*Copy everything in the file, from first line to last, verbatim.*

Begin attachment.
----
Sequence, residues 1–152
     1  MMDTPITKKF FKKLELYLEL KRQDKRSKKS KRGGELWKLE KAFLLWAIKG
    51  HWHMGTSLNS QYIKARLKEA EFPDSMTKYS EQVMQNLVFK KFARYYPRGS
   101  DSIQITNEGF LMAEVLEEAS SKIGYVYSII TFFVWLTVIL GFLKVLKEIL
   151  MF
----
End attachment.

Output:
Sequence, residues 1–152
     1  MMDTPITKKF FKKLELYLEL KRQDKRSKKS KRGGELWKLE KAFLLWAIKG
    51  HWHMGTSLNS QYIKARLKEA EFPDSMTKYS EQVMQNLVFK KFARYYPRGS
   101  DSIQITNEGF LMAEVLEEAS SKIGYVYSII TFFVWLTVIL GFLKVLKEIL
   151  MF